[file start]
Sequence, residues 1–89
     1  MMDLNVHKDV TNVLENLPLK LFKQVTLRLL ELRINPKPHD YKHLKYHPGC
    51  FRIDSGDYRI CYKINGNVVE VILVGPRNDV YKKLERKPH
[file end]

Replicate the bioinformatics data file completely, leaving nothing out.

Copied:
Sequence, residues 1–89
     1  MMDLNVHKDV TNVLENLPLK LFKQVTLRLL ELRINPKPHD YKHLKYHPGC
    51  FRIDSGDYRI CYKINGNVVE VILVGPRNDV YKKLERKPH